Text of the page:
Listening line for children in care
There are not large numbers of children ringing the line. But Anne Houston, ChildLine's director, says that "a significant number" do phone up to talk about sexual abuse.
The dedicated line is advertised in places where young people live away from home, and it takes up to 100 calls a month. About 20 callers are actually counselled.
Mrs Houston says perhaps 10 or 15 of the 100 calls are about sexual abuse. Callers are predominantly male, and some of them say they are being abused by their peers.
Young people who have been abused come into care or residential schools only to fall victims to abuse by staff, according to Mrs Houston. Anyone from cleaners to care staff may prey on them, she says.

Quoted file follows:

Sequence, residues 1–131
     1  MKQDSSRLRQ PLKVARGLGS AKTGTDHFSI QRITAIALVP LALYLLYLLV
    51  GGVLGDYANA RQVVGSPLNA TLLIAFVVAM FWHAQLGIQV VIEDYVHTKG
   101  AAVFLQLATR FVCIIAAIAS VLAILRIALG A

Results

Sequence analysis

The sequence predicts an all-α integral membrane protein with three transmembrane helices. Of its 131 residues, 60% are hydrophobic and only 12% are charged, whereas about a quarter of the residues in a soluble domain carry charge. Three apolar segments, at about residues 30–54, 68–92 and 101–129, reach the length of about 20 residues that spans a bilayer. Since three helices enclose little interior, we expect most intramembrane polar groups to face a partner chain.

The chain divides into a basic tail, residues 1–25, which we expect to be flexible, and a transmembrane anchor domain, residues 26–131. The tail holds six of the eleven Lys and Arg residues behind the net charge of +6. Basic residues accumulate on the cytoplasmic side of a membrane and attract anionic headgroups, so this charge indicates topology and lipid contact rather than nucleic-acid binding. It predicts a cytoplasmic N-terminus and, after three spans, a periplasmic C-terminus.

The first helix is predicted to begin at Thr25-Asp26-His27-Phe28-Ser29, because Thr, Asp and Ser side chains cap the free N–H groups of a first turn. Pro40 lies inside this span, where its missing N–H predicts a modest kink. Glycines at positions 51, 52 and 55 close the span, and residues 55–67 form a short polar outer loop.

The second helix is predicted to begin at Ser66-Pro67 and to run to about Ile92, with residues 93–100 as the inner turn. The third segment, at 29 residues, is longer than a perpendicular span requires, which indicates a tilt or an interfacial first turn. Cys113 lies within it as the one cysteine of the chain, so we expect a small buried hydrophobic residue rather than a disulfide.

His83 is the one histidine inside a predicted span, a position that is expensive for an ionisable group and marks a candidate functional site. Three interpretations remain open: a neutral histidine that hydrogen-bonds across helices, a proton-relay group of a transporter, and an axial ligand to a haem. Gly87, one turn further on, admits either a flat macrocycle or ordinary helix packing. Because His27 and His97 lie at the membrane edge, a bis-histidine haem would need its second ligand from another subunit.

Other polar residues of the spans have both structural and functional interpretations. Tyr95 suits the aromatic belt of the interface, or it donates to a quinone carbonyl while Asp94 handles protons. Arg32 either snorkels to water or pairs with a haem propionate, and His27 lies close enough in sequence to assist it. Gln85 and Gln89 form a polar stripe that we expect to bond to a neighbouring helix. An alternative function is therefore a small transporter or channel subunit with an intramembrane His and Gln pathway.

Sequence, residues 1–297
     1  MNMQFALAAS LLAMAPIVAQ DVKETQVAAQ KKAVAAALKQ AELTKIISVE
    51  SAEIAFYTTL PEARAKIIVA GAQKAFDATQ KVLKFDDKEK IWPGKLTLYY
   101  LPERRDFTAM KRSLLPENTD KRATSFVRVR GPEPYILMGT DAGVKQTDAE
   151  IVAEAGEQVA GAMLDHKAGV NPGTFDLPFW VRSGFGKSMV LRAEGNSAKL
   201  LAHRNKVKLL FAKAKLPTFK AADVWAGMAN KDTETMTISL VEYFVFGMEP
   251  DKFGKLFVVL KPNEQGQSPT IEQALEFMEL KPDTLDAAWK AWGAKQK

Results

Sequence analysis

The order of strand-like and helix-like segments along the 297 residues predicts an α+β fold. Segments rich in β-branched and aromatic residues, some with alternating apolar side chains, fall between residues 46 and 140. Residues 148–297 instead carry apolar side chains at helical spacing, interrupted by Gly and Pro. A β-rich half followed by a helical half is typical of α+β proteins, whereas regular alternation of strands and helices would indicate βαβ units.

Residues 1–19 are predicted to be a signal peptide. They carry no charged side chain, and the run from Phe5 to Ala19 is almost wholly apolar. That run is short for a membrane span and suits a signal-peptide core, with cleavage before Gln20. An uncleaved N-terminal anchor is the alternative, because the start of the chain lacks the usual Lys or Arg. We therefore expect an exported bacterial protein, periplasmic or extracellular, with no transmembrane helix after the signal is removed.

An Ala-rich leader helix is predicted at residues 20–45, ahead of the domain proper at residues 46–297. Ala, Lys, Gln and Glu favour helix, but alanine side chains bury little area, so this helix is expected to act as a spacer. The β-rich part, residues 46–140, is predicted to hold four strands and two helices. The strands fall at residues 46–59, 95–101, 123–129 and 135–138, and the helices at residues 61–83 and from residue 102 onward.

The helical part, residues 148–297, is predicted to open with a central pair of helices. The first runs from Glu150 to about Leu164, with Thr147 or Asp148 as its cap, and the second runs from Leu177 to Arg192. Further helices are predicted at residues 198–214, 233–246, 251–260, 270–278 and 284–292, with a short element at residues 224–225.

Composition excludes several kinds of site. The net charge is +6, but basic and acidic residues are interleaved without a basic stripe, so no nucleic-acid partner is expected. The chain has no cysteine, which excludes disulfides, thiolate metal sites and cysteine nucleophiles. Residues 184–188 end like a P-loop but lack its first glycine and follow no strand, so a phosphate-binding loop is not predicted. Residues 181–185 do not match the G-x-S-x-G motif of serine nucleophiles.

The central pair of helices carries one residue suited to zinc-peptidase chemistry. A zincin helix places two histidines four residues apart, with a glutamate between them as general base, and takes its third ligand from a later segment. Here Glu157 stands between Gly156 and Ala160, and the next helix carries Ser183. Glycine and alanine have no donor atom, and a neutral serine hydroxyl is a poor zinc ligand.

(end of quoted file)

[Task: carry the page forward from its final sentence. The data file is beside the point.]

"These young people have an appalling lack of self-esteem. Very often they won't complain because they believe they won't be taken seriously, and very often they do not want to be put out of where they're living. They always describe how vulnerable they feel.
"Some are abused on home visits but do not want the visits to stop. It can be the only affection they get," says Mrs Houston.
Several callers a month make repeated attempts to contact ChildLine. Many young people are so confused about their situation they are no longer clear about what constitutes appropriate relationships, says Mrs Houston.
A survey last year by the Centre for Residential Child Care at Strathclyde University found that staff in two-thirds of all residential establishments in Scotland believe the children they care for have been abused. Staff in one third of establishments also say they are caring for children who have sexually abused others.
The survey concluded that abuse is a "frequent and serious" problem.